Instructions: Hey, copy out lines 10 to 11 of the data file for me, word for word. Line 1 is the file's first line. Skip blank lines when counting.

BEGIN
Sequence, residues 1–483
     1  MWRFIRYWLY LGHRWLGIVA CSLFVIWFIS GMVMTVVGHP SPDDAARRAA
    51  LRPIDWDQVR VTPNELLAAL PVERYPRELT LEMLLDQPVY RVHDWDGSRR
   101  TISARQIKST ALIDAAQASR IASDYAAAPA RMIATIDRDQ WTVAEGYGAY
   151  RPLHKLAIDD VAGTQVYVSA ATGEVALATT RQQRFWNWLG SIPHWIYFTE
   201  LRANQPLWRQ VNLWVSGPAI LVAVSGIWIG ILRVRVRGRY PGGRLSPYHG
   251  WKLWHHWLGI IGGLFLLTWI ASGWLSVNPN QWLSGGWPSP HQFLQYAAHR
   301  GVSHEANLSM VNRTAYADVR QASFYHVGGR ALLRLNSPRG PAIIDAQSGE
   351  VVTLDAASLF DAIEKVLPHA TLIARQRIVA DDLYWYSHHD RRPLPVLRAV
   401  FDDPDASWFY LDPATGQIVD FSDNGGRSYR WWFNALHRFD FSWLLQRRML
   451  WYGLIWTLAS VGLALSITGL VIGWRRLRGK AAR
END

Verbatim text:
   401  FDDPDASWFY LDPATGQIVD FSDNGGRSYR WWFNALHRFD FSWLLQRRML
   451  WYGLIWTLAS VGLALSITGL VIGWRRLRGK AAR